Let's now look at the same filter implemented using the stream-based filtering API (see Example 25-8).

Example 25-8. Book/InputRequestFilterLC2.pm

package Book::InputRequestFilterLC2;

use strict;
use warnings;

use base qw(Apache::Filter);

use Apache::Const -compile => 'OK';

use constant BUFF_LEN => 1024;

sub handler : FilterRequestHandler {
    my $filter = shift;

    while ($filter->read(my $buffer, BUFF_LEN)) {
        $filter->print(lc $buffer);
    }

    Apache::OK;
}
1;

You've probably asked yourself why we had to go through the bucket-brigade filters when all this can be done so much more easily. The reason is that we wanted you to understand how the filters work underneath, which will help you when you need to debug filters or optimize their speed. Also, in certain cases a bucket-brigade filter may be more efficient than a stream-based one. For example, if the filter applies a transformation to selected buckets, certain buckets may contain open file handles or pipes, rather than real data. When you call read( ) the buckets will be forced to read in that data, but if you don't want to modify these buckets, you can pass them as they are and let Apache use a faster technique for sending data from the file handles or pipes.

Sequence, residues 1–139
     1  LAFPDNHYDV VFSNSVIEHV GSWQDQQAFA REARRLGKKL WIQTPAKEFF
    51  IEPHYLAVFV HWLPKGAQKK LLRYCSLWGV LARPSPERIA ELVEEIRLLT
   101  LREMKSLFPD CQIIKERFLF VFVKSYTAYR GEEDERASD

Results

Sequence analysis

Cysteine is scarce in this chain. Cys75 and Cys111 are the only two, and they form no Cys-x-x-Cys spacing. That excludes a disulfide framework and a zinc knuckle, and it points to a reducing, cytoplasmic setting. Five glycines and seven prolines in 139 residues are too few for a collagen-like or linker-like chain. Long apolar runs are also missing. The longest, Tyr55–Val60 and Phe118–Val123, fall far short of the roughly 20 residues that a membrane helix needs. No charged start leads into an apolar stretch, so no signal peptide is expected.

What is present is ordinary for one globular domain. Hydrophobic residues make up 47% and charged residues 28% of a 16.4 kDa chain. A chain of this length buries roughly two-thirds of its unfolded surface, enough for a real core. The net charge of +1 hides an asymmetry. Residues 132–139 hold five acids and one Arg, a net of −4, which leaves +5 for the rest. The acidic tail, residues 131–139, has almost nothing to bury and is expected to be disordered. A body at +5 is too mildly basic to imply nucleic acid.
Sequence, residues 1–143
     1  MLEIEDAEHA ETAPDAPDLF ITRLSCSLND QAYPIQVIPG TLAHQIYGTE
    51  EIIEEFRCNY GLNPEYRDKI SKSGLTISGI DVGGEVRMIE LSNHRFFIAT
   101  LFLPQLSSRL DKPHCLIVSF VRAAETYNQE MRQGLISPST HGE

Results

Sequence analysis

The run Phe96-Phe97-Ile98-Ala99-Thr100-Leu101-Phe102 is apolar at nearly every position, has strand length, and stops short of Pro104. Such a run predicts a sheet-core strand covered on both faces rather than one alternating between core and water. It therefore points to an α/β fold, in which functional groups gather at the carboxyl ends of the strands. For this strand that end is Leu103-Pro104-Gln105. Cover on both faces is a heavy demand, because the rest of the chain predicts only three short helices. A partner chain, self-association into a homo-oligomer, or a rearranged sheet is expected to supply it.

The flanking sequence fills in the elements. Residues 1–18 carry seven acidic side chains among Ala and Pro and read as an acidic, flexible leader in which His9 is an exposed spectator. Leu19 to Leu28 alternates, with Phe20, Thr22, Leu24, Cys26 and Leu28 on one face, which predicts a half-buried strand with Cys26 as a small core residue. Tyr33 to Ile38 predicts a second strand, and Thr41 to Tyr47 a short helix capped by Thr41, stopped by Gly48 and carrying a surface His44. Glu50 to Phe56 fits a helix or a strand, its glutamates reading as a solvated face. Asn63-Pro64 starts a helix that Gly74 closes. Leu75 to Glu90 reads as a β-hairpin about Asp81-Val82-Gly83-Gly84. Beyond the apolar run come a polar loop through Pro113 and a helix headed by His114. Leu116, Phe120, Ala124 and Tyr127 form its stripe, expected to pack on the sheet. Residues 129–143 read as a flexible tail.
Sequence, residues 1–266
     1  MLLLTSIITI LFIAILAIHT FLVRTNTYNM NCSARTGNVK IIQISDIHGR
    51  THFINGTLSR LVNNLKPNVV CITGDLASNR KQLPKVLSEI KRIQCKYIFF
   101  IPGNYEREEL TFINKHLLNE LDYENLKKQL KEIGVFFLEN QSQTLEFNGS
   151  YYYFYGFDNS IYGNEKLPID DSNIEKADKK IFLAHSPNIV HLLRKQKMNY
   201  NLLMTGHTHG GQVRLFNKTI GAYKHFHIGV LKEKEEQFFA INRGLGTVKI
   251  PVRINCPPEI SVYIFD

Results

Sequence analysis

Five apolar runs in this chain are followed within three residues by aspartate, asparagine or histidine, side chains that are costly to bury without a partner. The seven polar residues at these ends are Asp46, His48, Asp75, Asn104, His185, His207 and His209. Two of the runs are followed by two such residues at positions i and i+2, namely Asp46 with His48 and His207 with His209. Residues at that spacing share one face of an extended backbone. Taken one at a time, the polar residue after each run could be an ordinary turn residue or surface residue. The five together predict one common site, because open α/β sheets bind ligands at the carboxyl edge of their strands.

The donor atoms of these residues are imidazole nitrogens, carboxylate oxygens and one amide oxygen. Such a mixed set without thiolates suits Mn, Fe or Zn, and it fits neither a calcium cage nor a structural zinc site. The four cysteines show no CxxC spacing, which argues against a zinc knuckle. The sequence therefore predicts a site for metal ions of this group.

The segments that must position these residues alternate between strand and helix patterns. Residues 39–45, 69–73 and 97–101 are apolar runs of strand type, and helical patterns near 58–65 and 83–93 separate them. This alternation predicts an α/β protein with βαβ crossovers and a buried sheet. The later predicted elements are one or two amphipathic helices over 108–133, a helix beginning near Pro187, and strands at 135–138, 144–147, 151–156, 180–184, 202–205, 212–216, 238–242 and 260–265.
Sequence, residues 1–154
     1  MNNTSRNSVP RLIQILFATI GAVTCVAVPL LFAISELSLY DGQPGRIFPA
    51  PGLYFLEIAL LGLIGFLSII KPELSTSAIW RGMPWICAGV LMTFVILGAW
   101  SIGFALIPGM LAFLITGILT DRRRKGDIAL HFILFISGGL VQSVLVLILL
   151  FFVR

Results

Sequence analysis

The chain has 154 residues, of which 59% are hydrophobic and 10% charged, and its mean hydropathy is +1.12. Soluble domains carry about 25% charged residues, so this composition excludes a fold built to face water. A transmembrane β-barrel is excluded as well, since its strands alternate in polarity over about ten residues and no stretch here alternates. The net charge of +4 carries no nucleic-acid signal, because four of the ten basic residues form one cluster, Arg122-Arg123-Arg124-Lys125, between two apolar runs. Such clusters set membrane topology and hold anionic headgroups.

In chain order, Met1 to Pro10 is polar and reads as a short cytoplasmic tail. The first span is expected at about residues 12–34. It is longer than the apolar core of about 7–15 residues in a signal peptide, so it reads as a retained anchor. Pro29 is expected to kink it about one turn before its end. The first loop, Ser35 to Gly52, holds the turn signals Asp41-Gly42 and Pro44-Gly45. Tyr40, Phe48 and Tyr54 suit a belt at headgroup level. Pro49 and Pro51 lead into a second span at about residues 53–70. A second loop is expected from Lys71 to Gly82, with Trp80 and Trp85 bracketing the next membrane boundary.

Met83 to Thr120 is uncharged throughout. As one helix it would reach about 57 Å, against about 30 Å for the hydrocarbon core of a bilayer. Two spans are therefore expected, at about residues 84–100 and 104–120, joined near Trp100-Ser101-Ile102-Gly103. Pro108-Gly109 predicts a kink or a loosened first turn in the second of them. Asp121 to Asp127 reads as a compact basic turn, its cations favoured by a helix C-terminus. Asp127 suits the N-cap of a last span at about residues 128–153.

The logic is very simple here: the filter reads in a loop and prints the modified data, which at some point (when the internal mod_perl buffer is full or when the filter returns) will be sent to the next filter.

read( ) populates $buffer to a maximum of BUFF_LEN characters (1,024 in our example). Assuming that the current bucket brigade contains 2,050 characters, read( ) will get the first 1,024 characters, then 1,024 characters more, and finally the remaining two characters. Notice that even though the response handler may have sent more than 2,050 characters, every filter invocation operates on a single bucket brigade, so you have to wait for the next invocation to get more input. In one of the earlier examples, we showed that you can force the generation of several bucket brigades in the content handler by using rflush( ). For example:

$r->print("string");
$r->rflush( );
$r->print("another string");

It's possible to get more than one bucket brigade from the same filter handler invocation only if the filter is not using the streaming interface—simply call get_brigade( ) as many times as needed or until the EOS token is received.

The configuration section is pretty much identical:

<Location /lc_input2>
     SetHandler modperl
     PerlResponseHandler    +Book::Dump
     PerlInputFilterHandler +Book::InputRequestFilterLC2
 </Location>

When issuing a POST request:

% echo "mOd_pErl RuLeS" | POST 'http://localhost:8002/lc_input2?FoO=1&BAR=2'

we get a response like this:

args:
FoO=1&BAR=2
content:
mod_perl rules

Again, we can see that our filter lowercased the POST ed body before the content handler received it. The query string wasn't changed.